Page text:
Before I get started: Last week I equated Impulse with the other digital delivery system tray squatters. But it's worth noting that Impulse doesn't do this. Once you've downloaded the game, you can close Impulse and it will not shoehorn itself into the proceedings. It's worth checking out if you're one of the people looking for a less restrictive alternative to Steam.
Just to keep this article from getting out of hand, I'm going to completely ignore piracy as an issue. We've only got so much space to spend here, and dragging piracy into this will make this whole discussion that much more complicated. Besides, it's not like I haven't already beaten that horse into a fine paste.
Developers and publishers have been working on various techniques for getting people to pony up for their single-player game instead of borrowing or buying used. Ideally, they want everyone who plays the game to pay full price for it. There are two different approaches for doing this. One technique has been widely praised as a pro-consumer policy, and the other has been denigrated as a cynical and short-sighted idea. Let's look at the good one first:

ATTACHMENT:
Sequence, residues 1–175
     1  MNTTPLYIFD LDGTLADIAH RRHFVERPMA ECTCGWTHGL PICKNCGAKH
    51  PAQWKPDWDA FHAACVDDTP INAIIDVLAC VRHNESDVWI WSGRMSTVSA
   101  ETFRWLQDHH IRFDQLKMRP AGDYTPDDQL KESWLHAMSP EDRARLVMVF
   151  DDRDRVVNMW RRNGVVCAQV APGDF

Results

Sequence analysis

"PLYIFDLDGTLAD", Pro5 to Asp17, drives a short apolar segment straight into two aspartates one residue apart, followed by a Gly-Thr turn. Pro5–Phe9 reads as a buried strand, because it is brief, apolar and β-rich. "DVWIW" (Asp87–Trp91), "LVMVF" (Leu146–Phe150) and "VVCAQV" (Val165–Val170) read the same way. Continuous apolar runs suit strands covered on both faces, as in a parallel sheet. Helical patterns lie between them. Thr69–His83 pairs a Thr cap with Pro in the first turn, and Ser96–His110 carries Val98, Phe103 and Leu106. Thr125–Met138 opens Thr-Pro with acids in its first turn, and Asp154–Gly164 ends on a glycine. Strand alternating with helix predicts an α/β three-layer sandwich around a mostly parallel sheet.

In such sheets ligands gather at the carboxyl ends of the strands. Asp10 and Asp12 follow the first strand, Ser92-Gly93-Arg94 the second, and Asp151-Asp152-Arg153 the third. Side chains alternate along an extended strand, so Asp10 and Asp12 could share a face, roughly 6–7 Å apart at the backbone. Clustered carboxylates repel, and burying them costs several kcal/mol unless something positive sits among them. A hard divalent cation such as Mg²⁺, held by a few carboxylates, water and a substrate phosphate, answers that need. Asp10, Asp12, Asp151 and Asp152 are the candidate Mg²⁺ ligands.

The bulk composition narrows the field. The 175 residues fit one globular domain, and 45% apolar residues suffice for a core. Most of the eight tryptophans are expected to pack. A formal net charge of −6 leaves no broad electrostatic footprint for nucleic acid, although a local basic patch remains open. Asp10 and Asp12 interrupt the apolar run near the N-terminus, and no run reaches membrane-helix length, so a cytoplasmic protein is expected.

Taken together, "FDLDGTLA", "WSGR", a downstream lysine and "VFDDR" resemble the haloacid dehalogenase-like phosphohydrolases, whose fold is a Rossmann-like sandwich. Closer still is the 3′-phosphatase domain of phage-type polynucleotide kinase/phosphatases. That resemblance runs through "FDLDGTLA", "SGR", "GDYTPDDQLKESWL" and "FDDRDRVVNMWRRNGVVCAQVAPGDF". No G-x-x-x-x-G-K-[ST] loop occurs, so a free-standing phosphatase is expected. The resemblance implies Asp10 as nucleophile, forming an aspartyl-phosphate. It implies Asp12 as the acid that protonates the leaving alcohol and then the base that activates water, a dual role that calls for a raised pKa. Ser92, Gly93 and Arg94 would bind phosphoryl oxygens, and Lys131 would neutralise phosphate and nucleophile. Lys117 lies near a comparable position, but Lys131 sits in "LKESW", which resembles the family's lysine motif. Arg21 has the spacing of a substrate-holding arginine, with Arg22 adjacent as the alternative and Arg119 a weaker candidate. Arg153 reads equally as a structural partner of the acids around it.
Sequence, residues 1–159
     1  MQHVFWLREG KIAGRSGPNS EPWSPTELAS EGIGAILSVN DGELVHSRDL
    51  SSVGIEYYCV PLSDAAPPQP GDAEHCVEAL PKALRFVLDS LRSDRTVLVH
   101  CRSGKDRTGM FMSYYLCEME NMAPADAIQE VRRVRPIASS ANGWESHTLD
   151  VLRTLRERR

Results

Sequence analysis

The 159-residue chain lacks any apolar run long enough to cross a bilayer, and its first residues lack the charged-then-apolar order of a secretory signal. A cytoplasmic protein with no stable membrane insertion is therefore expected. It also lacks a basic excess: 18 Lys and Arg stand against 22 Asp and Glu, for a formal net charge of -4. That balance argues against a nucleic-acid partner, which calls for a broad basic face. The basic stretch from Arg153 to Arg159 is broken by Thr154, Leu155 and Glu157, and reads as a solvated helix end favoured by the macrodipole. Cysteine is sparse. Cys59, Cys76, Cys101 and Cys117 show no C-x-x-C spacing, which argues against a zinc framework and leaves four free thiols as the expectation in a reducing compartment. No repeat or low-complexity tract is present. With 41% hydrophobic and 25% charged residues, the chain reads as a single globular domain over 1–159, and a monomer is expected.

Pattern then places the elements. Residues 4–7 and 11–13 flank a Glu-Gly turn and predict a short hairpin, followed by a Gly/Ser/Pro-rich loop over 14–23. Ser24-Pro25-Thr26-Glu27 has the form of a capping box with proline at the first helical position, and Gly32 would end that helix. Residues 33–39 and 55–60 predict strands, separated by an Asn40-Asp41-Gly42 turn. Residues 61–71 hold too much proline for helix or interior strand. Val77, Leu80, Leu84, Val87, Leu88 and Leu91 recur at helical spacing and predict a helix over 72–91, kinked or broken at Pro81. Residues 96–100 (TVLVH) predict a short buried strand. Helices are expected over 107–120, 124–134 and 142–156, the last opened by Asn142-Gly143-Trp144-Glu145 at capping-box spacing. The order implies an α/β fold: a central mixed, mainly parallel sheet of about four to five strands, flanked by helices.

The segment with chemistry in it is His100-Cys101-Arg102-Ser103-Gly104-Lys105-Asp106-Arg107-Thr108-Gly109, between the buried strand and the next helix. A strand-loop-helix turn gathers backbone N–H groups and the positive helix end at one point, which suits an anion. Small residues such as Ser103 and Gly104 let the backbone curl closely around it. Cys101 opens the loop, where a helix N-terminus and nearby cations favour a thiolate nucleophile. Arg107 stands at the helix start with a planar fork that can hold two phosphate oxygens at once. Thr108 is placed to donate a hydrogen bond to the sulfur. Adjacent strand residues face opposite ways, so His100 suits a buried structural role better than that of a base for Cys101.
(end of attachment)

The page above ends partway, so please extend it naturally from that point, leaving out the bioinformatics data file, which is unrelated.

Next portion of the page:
For years Stardock has been putting out solid games and then refining and expanding the game after release. They take the initial feedback from the community and use those suggestions to guide their efforts. Stardock will then release regular patches that tighten up the gameplay and give the audience more of what they love. But these patches are only made available to people who have registered the game and linked the serial number to their account. If you get the game on loan from a friend or buy a second-hand copy, then the updates won't be available to you. (Again, we're ignoring piracy today.)
The upshot is that the game in the box is yours forever, and the post-release extras are there to reward people for buying the game new. Unlike DRM with online activation, you'll never lose the original product. If Stardock president Brad Wardell cleaned out the company bank account and took off for the beach and the Stardock servers went down, my boxed copy of Galactic Civilizations II would keep working. I might lose the updates if I didn't make backups, but I'll always have access to the game I paid for as it existed on release day. It's mine and it will stay mine as long as I take care of the disc. The post-release patches are gravy.